LB 693-Regulate and create criminal offenses regarding the use of unmanned aircraft systems. This is the drone bill you might have read about in numerous articles over the past couple of months. We’re looking to make sure that people are not using drones for criminal activity. This is a public safety bill and I would encourage you to read the document in its entirety. It’s another one that is technologically advanced and complicated, though those who have read it fully have come away understanding the need for it.

LB 694-Prohibit cities and villages and counties from taxing or regulating distributed ledger technology. This is my second of three blockchain technology bills and makes sure that Nebraska will be an attractive landing spot for entrepreneurs. We need to be sure that these business people are not running into a maze of different regulations put in place by cities and counties. Blockchain is going to revolutionize how we do business because they are precise, save money, save time, are autonomous, transparent, versatile and are very safe since they are encrypted on a shared ledger.

LB 695-Authorize and define smart contracts and authorize the use of distributed ledger technology as prescribed. The third and final blockchain technology bill deals with smart contracts. Smart contracts use code and math to decide if contract conditions are met. The funds are then transferred automatically. With the dawn of self-driving delivery vehicles, governments looking to streamline efficiency and save costs, banks looking for safer ways to do business and industries like healthcare and insurance, smart contracts are a fast moving reality in both business and government.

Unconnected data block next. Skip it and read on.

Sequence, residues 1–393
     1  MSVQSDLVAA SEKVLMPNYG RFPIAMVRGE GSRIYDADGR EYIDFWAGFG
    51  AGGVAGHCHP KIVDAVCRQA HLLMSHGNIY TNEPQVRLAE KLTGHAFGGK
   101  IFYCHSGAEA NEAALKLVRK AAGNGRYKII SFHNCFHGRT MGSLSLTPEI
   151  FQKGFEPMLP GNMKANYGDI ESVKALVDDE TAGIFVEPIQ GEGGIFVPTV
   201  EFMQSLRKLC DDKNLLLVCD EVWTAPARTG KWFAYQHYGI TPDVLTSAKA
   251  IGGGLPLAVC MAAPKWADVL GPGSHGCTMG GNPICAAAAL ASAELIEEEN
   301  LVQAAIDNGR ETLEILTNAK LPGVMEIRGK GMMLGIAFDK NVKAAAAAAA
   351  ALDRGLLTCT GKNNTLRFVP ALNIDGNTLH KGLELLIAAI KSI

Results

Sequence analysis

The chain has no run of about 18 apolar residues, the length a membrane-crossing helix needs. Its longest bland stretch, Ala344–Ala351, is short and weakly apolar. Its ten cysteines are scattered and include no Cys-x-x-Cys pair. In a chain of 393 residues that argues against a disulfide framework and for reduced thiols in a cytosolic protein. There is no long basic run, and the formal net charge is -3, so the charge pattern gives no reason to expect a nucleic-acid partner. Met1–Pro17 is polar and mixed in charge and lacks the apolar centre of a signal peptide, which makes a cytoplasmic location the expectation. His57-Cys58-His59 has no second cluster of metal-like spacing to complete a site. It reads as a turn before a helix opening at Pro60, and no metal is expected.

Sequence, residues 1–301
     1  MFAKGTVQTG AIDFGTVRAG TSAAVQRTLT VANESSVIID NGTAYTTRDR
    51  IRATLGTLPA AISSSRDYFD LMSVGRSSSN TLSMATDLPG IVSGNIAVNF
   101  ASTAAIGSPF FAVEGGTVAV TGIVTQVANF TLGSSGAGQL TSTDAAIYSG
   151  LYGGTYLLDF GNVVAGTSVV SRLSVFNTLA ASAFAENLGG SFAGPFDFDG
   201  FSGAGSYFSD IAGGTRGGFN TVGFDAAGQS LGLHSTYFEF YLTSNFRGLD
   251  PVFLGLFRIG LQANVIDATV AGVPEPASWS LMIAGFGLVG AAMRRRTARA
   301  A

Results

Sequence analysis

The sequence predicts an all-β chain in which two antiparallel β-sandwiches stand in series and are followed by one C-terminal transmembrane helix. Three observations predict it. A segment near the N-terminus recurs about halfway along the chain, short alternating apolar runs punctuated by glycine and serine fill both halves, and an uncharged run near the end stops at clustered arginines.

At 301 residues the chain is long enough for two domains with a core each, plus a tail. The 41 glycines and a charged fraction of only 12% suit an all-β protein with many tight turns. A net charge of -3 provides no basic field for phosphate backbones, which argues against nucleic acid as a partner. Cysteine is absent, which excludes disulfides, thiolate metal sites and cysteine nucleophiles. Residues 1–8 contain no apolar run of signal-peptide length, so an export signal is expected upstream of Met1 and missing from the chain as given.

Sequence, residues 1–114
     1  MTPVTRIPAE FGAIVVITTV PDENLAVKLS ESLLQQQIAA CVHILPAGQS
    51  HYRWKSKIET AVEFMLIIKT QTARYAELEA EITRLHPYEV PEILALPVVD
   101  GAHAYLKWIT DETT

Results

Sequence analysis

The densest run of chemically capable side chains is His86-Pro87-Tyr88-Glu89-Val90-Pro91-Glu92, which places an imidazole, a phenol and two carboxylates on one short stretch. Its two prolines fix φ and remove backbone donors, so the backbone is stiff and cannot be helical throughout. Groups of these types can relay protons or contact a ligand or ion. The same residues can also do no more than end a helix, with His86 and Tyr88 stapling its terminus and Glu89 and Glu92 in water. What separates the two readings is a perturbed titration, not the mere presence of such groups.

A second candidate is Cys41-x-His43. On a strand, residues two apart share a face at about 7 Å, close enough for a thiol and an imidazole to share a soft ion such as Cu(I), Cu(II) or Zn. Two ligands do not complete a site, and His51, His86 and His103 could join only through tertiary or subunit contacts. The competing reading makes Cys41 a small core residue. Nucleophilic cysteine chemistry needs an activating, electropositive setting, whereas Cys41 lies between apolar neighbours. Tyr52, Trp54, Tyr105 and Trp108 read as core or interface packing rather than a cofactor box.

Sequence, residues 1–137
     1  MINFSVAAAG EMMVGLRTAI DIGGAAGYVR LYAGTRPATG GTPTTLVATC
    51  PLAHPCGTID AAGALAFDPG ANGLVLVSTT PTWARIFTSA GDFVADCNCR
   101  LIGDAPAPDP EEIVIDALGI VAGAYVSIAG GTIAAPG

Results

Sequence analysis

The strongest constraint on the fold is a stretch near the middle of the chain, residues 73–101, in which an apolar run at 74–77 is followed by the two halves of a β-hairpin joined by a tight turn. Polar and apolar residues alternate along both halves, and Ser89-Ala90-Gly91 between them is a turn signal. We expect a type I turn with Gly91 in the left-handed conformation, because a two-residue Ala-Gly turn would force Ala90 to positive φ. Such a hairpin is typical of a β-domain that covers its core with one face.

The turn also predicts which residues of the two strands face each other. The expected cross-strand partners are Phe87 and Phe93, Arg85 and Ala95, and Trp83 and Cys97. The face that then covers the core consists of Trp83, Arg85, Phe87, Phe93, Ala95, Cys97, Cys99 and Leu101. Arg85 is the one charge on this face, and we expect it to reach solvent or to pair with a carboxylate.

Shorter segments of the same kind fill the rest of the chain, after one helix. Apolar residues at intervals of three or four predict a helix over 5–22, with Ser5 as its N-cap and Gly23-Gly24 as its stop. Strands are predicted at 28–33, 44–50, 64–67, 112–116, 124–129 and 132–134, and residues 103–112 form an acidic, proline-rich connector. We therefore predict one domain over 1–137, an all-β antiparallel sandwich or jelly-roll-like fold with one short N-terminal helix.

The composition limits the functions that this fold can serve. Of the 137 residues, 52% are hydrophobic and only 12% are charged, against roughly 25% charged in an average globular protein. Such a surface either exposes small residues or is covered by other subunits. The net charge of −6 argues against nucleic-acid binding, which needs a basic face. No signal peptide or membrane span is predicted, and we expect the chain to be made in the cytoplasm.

LB 735-Provide for interlocal agreements regarding nuisances. Currently, municipalities have the authority to regulate and enforce nuisances within their borders. This would build on this legislative authority by allowing municipalities to enter interlocal agreements with a county to provide for cooperative action to remove or prevent nuisances. Interlocal agreements have always been a great way to save manpower and funds here in Sarpy County.

Did you know that there is a long list of items available for free to the public relating to the Nebraska Legislature? Here is a list of only a few that you might find interesting. If you are receiving this email digitally, you should be able to link to the information from your newsletter.

1. Unicameral Update
2. About the Legislature
3. Unicam Kids
4. Inside Our Nation’s Only Unicameral
5. Poster of Nebraska Senators
6. Membership & Committees Card
7. Lines of Government

For hard copies of these documents, please call my office at 402-471-2627 and we will be happy to place one in the mail to your home address.

Sen. Carol Blood

District 3
Room 10th Floor
P.O. Box 94604
Lincoln, NE 68509
(402) 471-2627
Email: cblood@leg.ne.gov